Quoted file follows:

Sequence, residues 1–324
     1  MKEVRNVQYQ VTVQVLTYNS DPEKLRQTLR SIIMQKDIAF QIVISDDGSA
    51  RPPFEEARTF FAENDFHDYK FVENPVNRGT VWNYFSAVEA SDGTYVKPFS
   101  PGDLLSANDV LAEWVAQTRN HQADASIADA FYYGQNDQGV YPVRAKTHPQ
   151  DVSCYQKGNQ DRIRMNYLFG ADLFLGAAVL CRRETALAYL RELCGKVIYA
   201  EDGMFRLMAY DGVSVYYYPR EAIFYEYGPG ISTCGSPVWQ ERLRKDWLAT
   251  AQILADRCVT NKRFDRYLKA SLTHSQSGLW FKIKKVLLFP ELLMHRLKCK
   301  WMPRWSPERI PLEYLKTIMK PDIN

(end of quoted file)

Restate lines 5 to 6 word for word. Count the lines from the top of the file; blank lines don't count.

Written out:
   151  DVSCYQKGNQ DRIRMNYLFG ADLFLGAAVL CRRETALAYL RELCGKVIYA
   201  EDGMFRLMAY DGVSVYYYPR EAIFYEYGPG ISTCGSPVWQ ERLRKDWLAT